U of S | Mailing List Archive | alt-photo-process-l | Re: Gum and Photogravure, was: varnishes

Re: Gum and Photogravure, was: varnishes

Umm, I'm not sure that's exactly what I said (first line) but I guess the point remains the same: what I meant to say was that only where the pigment has penetrated the paper fibres can a watercolor painting be considered permanent. Any part of the painting where, as you say "watercolor pigments remain suspended in the gum and sit on the surface of the paper" without staining the paper fibres, that part of the painting will remain completely soluble in water. Perhaps we need to check if we're going by the same definition of permanent, but in my definition, an artwork that's water-soluble, in part or whole, doesn't qualify.

I proved this to myself once when I became enamored of painting with watercolor paints with gum added (I'm a painter too); I loved the luscious organic sheen that the added gum imparted to the surface, until one day I recovered my wits and remembered (d'oh) one of the basic principles of gum printing: dried gum arabic is soluble in water. Just to check, I ran a wet brush across one of these paintings that I'd done several months before, and sure enough, the painting dissolved wherever the water touched it. That was the end of my "gum-painting" period. I didn't consider those paintings permanent enough to keep or show, and I washed the paint off the paper.

I said before that I don't have any information to bring to bear on the relative permanence of a gum printing compared to a watercolor painting, meaning a watercolor painting that consists of pigment staining paper. But I think it makes perfect sense to hypothesize that a gum printing, consisting of hardened, insoluble gum, is probably more permanent than a watercolor painting, any part of which consists of pigment suspended in soluble gum arabic.

On Nov 17, 2008, at 6:37 AM, SusanV wrote:

In regard to watercolor paintings... not true that the paint stains the paper and is permanent if the gum is washed out. Many watercolor pigments remain suspended in the gum and sit on the surface of the paper. Only some of the pigments actually stain the paper, and even in those cases if you wash the paint from the surface, the color lightens considerably due to the removal of the top layer of gum/pigment. Having been primarily a watercolor painter for quite a few years, quite a few years ago... I have a lot of experience that includes removal of color from areas both large and small while developing a painting. In fact, terms used by watercolor painters include "staining" and "non-staining" colors.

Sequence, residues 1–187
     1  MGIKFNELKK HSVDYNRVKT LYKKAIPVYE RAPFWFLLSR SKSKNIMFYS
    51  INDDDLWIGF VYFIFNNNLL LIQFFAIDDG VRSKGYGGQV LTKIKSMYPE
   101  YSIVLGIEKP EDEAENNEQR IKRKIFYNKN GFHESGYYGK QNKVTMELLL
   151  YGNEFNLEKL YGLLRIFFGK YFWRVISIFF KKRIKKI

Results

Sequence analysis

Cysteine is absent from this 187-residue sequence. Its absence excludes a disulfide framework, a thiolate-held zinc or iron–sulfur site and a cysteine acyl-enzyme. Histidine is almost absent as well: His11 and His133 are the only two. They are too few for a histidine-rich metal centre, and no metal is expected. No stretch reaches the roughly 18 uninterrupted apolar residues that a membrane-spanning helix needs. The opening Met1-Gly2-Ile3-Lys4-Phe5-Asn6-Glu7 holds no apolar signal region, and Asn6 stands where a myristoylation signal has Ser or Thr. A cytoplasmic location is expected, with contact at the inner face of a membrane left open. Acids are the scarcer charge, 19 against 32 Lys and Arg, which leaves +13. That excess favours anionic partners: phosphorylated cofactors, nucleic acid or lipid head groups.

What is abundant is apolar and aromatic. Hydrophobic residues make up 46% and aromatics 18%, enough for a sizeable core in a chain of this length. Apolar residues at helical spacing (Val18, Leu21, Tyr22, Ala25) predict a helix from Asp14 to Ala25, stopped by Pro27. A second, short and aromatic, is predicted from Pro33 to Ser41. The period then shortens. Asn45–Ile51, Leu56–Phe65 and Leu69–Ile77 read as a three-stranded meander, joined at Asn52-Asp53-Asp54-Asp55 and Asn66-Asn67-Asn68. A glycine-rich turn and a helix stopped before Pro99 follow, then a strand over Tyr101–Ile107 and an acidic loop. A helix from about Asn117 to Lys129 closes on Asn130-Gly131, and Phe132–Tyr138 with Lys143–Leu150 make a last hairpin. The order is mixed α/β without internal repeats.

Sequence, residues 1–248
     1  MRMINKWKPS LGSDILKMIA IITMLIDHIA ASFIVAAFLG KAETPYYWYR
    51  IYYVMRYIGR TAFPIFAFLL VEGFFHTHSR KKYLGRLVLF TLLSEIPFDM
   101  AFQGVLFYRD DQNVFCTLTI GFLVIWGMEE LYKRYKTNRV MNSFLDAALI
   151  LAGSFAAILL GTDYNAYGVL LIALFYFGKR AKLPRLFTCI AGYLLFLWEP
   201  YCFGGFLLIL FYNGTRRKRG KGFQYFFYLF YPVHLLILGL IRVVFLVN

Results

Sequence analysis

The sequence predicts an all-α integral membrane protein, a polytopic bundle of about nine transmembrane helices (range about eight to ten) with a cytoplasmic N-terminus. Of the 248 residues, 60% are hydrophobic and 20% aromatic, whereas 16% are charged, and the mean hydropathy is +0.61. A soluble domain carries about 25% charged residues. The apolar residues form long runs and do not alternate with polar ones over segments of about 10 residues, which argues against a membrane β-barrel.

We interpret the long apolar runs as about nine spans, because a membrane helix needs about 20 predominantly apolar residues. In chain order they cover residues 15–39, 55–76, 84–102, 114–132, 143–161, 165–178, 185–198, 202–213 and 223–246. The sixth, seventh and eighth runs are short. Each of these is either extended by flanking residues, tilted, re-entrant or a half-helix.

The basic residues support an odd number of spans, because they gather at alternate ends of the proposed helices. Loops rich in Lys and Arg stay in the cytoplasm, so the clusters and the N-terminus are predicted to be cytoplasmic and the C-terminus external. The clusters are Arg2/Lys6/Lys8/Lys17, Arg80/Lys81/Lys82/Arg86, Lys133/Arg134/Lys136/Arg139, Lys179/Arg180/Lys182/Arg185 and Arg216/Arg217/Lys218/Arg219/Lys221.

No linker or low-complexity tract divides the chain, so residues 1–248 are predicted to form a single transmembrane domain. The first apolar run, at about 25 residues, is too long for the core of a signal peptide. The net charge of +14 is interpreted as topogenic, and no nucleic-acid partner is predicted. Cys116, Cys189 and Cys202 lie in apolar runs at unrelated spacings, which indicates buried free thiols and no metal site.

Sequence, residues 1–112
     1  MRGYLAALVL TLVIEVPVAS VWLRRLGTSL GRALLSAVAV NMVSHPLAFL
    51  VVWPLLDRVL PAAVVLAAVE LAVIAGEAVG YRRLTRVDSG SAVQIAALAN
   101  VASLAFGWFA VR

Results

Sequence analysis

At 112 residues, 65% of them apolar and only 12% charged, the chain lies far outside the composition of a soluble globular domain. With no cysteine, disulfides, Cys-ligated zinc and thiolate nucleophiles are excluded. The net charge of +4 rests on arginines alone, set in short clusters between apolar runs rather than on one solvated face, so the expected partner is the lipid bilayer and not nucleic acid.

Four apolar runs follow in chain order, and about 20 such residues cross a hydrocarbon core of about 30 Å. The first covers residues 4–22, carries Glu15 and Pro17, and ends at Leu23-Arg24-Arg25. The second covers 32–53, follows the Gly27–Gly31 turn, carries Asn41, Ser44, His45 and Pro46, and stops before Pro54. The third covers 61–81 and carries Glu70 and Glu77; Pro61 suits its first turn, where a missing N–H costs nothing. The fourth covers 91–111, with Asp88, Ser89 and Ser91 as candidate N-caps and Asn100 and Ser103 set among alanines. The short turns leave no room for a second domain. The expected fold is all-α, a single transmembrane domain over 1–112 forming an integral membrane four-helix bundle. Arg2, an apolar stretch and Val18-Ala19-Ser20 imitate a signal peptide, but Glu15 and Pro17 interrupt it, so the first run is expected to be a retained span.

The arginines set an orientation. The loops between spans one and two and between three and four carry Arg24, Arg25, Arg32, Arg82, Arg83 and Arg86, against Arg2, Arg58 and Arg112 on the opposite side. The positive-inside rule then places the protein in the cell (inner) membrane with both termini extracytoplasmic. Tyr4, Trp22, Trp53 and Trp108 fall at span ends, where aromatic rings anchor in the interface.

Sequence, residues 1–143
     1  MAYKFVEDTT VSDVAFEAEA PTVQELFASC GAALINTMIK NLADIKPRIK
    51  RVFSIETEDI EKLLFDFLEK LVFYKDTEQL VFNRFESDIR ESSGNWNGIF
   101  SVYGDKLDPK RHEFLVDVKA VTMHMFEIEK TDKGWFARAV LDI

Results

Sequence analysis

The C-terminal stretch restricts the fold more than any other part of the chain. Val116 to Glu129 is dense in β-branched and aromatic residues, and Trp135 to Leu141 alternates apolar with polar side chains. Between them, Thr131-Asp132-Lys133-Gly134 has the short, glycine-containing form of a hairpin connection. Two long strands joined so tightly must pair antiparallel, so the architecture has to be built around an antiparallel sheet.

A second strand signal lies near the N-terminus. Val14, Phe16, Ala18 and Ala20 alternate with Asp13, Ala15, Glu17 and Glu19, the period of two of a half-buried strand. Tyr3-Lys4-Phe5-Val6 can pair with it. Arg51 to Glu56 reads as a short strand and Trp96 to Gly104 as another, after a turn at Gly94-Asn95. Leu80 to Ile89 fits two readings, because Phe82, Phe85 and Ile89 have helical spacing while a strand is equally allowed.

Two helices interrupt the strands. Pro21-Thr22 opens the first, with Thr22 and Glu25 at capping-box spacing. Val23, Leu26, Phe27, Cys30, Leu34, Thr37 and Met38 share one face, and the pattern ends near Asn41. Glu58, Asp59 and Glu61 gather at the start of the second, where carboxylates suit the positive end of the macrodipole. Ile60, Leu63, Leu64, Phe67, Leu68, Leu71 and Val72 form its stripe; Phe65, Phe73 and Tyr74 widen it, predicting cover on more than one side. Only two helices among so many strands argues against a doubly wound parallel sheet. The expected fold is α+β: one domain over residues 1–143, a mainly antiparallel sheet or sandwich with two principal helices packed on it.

As to the discussion about the permanence of printmaking ink on paper... that is something I have always wondered about myself. Why is is ok to use oil based ink on paper for an etching, but not when "painting"? Rembrandt's etchings are what... over 300 years old? It must have to do with the smaller percentage of oil in ink when compared to oil "paint".


On Sun, Nov 16, 2008 at 1:50 PM, Katharine Thayer <kthayer@pacifier.com> wrote:

" In the case of watercolor paintings, the image is made of what we in gum printing would call "pigment stain;" it's comprised of pigment which has penetrated the fibers of the paper and colored (stained) them permanently. The gum arabic is only there to serve as a vehicle for the pigment, and its presence in the painting is essentially irrelevant; at any rate after diluting the paint from the tube with water in the typical watercolor painting, there's very little gum arabic in the painting. You could soak most traditional watercolor paintings in water and dissolve the remaining gum arabic without affecting the painting in any material way."

gravure blog at www.susanvossgravures.blogspot.com
website www.dalyvoss.com